Anyway, back to the task at hand. My older remote was actually working quite well, but there was one thing I wanted to change about it. Specifically, though there wasn’t a dedicated button for that on the remote, I wanted a button to be able to change the picture size on my TV. But I figured while I was at it, I’d also add support for my Blu-Ray player. And I had been noticing something weird about the “Source” button, so I wanted to try to fix that, too.

It took some time, some cross-referencing of forum posts and wiki articles, and a bit of trial and error, but all three of those goals were achieved!

A screenshot from the RMIR software, showing the 'PIP Ch-' and 'SOURCE' buttons have been remapped to the EFC-5 functions 40097 and 29439, respectively

The "PIP Ch-" button was unused, so I found the code for "Picture Size" on a Toshiba TV, and mapped it to that

A screenshot from RMIR showing the Philips BDP3300 device (setup code 1997, PID 00 58, variant 2, protocol RC-6) mapped to a device

This was for setting up the remote to work with my Blu-Ray player

It may not look like much, but those clunky Java-based tables show the fruits of my labour, and meant I was able to upgrade my older JP1-compatible remote. I clicked on the “Upload to Remote” button, held my breath, watched the light on my programming cable flicker, and…

It worked! It was quite the journey to get to this point, but I felt satisfied that I had learned something, and had been able to apply that knowledge in a practical way. No more relying on pressing the “Menu” button and scrolling through several options to change the picture size on my TV. Just one click of the “PIP CH-” button (for reference, I chose it because it’s both unused and easy to find at the bottom-right of the remote) and the picture size menu popped right up. Long had I waited for that moment.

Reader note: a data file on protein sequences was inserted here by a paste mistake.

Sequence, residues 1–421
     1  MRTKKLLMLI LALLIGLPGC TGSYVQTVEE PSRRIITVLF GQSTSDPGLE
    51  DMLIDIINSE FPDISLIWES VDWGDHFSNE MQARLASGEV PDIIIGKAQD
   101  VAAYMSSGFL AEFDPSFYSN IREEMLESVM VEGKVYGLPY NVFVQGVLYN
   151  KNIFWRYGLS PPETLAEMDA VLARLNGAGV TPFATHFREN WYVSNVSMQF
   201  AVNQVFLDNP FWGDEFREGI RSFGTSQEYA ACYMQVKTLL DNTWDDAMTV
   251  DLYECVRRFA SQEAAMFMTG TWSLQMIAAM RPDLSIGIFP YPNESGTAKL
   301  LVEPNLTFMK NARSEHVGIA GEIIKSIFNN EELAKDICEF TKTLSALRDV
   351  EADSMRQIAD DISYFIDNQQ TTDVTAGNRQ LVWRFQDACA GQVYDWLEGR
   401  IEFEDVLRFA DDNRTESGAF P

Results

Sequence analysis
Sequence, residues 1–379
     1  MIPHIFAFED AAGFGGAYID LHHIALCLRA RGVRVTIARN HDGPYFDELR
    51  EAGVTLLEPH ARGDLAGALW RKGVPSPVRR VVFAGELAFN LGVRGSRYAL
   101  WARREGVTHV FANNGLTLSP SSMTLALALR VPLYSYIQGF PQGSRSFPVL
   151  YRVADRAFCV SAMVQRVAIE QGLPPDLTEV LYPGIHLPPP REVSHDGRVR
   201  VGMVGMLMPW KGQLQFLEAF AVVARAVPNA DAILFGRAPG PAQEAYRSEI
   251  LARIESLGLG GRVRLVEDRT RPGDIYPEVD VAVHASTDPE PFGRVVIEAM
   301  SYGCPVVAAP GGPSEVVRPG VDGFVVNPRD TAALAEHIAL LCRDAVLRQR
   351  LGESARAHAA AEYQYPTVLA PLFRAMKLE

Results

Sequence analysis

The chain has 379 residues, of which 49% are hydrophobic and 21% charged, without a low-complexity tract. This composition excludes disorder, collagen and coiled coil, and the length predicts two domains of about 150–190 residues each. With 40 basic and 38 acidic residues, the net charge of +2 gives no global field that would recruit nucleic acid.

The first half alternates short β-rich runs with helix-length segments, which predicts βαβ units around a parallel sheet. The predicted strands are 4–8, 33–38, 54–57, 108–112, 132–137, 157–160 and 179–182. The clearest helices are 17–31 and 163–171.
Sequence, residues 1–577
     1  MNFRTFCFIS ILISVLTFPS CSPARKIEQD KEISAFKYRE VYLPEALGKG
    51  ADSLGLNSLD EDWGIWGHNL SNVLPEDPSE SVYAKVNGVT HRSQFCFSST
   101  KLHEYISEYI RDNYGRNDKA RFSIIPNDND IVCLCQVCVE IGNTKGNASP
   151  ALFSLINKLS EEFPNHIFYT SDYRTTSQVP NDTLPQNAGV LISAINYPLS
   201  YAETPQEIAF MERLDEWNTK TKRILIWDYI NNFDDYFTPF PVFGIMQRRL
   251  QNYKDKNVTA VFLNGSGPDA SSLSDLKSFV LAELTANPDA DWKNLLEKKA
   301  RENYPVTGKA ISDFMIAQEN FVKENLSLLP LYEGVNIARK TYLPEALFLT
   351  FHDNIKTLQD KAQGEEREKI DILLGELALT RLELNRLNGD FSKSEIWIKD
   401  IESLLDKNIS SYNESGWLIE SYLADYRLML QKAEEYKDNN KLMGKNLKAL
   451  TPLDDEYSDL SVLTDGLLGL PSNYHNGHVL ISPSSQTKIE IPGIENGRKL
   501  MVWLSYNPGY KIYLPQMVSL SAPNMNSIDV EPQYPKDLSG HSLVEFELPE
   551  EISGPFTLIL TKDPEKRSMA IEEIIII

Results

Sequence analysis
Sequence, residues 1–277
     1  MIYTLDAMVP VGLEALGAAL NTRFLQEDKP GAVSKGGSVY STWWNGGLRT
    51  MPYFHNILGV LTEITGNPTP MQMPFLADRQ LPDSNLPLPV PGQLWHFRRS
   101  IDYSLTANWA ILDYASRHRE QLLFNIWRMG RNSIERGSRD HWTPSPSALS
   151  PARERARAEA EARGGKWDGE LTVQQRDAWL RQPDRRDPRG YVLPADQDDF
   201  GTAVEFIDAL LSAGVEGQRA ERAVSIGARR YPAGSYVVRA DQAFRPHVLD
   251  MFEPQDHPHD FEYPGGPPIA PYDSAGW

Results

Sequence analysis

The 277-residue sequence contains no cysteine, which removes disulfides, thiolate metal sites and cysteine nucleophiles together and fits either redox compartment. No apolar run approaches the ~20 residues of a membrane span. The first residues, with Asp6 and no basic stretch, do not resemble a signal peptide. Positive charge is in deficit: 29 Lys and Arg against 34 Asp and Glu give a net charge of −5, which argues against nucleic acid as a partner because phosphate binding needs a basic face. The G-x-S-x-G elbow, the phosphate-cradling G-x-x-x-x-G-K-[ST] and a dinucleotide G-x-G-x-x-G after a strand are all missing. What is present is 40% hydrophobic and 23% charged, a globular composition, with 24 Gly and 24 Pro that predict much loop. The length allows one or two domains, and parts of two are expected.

But I’m not even scratching the surface of what JP1 and Remote Master are capable of. Granted, this post isn’t really meant to be a tutorial or anything. So sorry if that’s what you were expecting. It’s definitely going to be a bit tricky, but if you really want to try this out for yourself, the right information is out there. If you’re willing to look, but hopefully now you know where to start.

But I was pretty sure this was going to work with my older remote, once I got set up with RMIR. And once I realized the batteries had to be in the remote in order for it to be recognized by the computer (there are apparently some you’re not supposed to keep the batteries in while connecting, but neither of mine were that kind of remote).

The time had come to begin my dark ritual. The goal: get a Rogers remote to work with a Bell set-top box. But first, I had to connect it to my computer. This proved more difficult than expected.